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Difficult Airway Management Following Supratentorial Craniotomy: A Useful Maneuver with a New Device

Osborn, Irene P. MD; Behringer, Elizabeth Cordes MD; Kramer, David C. MD

Section Editor(s): Saidman, Lawrence

doi: 10.1213/01.ane.0000268139.62137.f6
Letters to the Editor: Letters & Announcements

Division of Neuroanesthesia; Mount Sinai School of Medicine; New York, NY; (Osborn)

Department of Anesthesiology; University of California, Irvine; Orange, CA (Behringer)

Division of Neuroanesthesia; Mount Sinai School of Medicine; New York, NY (Kramer)

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To the Editor:

The McGrath® Video Laryngoscope (Aircraft Medical, Edinburgh, Scotland) is a video-based system for tracheal intubation that utilizes a video camera embedded into a “camera stick” (Fig. 1). The device can be disarticulated, which was critical in the urgent airway management of the following case:

A 31-year-old 62 kg ASA PS 2E female patient presented for urgent ventriculoperitoneal shunt because of hydroceplalus. She had undergone a left temporoparietal craniotomy 4 days prior for removal of an encephalocele. On examination, the patient was noted to have new limitation of her mouth opening (2.5 cm) because of incisional pain in the left temporal region. Review of the previous anesthetic record revealed no difficulty with intubation using the GlideScope® Model GVL 115 (Verathon Medical, Bothell, WA) electively for teaching purposes in this patient with a previously unremarkable airway examination. After induction and easy ventilation via a mask, succinylcholine 120 mg was administered IV. However, her mouth opening did not improve and one attempt at direct laryngoscopy with a MacIntosh 3 blade and one additional attempt using the GlideScope® were made. Neither device could be introduced into the mouth using standard technique with the patient’s head in “sniffing position.” Mask ventilation was easily maintained between attempts at laryngoscopy. The McGrath® laryngoscope blade and camera stick were disarticulated from its handle and easily inserted midline; similar to the insertion of a tongue depressor. The handle was re-attached revealing a Cormack/Lehane Grade 1 view of the glottis. The trachea was intubated without difficulty on the first attempt.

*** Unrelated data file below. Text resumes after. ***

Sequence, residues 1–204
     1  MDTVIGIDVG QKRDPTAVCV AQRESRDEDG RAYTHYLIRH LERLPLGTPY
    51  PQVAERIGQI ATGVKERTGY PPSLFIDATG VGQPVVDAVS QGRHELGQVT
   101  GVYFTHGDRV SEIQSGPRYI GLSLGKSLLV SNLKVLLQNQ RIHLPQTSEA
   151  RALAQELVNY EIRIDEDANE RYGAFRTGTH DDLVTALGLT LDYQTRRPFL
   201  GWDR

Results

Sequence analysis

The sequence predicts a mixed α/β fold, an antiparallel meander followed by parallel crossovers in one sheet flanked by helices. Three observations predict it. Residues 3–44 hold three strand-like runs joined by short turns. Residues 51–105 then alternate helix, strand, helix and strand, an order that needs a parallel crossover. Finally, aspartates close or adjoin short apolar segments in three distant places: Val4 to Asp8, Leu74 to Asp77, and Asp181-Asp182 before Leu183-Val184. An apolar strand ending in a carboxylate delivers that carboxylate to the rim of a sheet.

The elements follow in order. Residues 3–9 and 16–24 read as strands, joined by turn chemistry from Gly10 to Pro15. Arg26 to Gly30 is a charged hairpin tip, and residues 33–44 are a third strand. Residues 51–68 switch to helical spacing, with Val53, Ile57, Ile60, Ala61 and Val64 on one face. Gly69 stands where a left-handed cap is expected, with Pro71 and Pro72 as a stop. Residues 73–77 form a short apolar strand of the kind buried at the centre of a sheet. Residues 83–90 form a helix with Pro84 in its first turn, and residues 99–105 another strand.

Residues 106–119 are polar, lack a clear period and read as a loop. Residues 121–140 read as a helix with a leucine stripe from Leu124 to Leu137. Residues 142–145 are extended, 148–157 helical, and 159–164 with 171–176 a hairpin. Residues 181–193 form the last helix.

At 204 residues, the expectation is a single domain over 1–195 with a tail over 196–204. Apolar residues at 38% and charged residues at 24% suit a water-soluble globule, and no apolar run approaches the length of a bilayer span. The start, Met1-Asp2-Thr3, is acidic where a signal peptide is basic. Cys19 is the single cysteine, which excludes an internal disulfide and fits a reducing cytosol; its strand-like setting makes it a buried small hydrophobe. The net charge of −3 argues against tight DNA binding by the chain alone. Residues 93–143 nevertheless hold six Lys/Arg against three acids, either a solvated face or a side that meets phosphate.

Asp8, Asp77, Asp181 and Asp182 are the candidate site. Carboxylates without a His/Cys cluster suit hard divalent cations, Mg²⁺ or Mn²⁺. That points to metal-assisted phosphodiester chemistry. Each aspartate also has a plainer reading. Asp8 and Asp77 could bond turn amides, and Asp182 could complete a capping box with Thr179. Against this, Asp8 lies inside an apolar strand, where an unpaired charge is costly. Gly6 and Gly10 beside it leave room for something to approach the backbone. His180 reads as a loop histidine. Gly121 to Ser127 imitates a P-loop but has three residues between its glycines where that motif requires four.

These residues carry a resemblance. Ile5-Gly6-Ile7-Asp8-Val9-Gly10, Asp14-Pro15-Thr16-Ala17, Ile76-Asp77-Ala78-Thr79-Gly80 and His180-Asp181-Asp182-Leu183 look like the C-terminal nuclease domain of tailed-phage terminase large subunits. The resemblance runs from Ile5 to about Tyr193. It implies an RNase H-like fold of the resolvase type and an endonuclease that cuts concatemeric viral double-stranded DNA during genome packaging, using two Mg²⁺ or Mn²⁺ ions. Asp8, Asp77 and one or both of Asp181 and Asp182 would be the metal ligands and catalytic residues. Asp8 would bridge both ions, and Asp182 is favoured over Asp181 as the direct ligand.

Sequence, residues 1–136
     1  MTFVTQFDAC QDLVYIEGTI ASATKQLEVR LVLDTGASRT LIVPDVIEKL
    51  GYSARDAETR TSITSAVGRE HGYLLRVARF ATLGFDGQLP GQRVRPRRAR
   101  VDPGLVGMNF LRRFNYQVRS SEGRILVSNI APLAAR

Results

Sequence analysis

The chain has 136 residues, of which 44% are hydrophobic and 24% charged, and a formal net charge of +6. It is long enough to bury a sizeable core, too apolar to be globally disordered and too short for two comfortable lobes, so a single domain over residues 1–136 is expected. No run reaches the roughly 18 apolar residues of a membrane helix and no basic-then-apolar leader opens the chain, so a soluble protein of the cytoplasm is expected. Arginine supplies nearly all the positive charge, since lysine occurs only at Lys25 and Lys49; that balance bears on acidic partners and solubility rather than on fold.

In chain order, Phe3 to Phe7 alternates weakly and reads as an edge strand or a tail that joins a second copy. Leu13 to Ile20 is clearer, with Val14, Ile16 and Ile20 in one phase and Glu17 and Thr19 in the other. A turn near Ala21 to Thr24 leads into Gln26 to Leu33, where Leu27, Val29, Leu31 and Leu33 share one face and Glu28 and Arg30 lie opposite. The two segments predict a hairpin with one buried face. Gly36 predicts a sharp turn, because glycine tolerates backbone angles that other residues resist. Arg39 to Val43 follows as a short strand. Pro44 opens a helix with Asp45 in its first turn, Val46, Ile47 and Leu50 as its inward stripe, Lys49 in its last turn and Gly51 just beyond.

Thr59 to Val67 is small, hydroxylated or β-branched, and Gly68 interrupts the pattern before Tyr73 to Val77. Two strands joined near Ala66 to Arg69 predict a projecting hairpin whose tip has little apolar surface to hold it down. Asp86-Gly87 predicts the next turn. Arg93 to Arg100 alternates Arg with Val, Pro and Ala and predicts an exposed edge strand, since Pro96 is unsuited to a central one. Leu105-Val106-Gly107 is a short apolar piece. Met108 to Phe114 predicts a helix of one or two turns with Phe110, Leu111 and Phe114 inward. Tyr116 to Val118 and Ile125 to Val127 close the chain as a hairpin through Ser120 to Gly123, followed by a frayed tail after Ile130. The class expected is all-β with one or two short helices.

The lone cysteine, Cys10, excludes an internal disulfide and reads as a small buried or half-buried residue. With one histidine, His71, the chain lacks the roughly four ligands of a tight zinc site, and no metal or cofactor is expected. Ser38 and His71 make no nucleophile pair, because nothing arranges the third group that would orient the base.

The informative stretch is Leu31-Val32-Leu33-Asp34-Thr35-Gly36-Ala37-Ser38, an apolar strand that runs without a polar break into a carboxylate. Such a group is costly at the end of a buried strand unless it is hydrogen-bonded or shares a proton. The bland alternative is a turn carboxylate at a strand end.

Kawaguchi et al. described the phenomenon of pseudoankylosis of the mandible after supratentorial craniotomy as “persistent limitation of mouth opening due to extra-articular pathology including infection, irradiation, burns, or surgical incision of the masticatory muscles” (1). He noted a significantly decreased maximum mouth opening in adult patients after frontotemporal craniotomy compared with those after occipital or limited frontal craniotomy occurring in as little as 3 days after surgery. Our patient had undergone left temporal craniotomy 4 days before reoperation.

The technique of disarticulating a standard laryngoscope is rarely practiced but is reportedly effective when large breasts impede conventional placement of the blade (2).

The ease of reattachment of the McGrath® Video Laryngoscope handle is due to unique end to side connection. The side of the handle connects to the end of the McGrath® blade. This feature allows the laryngoscopist to reconnect the handle and blade and so eliminating the obstacle posed by the patient’s chest, large breasts, or limited mouth opening. The inability to use the GlideScope® for this patient’s reoperation was because of its design. The GlideScope® is designed as a rigid, fused unit of medical grade plastic (3). The Glidescope® blade has a pronounced 60° angulation, a maximum width of 26 mm and a maximum thickness of 14.5 mm. The fused design of the Glidescope® did not allow the tip of the blade to pivot into the hypopharynx in this patient with limited mouth opening.

An additional virtue of video-laryngoscopy is that the position of the camera extends the laryngoscopist’s field of view from 10° with conventional laryngoscopy using line of sight to 60° utilizing video technology (4). The disarticulating design of the McGrath® Video laryngoscope allowed the trachea of a patient with limited mouth opening to be intubated easily.

Irene P. Osborn, MD

Division of Neuroanesthesia

Mount Sinai School of Medicine

New York, NY

Elizabeth Cordes Behringer, MD

Department of Anesthesiology

University of California, Irvine

Orange, CA

David C. Kramer, MD

Division of Neuroanesthesia

Mount Sinai School of Medicine

New York, NY

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1. Kawaguchi M, Sakamoto T, Furuya H, Ohnishi H, Karasawa J. Pseudoankylosis of the mandible after supratentorial craniotomy. Anesth Analg 1996;83:731–4
2. Hagberg CA. Special devices and techniques. Anesthesiol Clin North America 2002;20:907–32
3. Cooper RM, Pacey JA, Bishop MJ, McClusky SA. Early clinical experience with a new Videolaryngoscope (GlideScope®) in 728 patients. Can J Anaesth 2005;52:191–8
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© 2007 International Anesthesia Research Society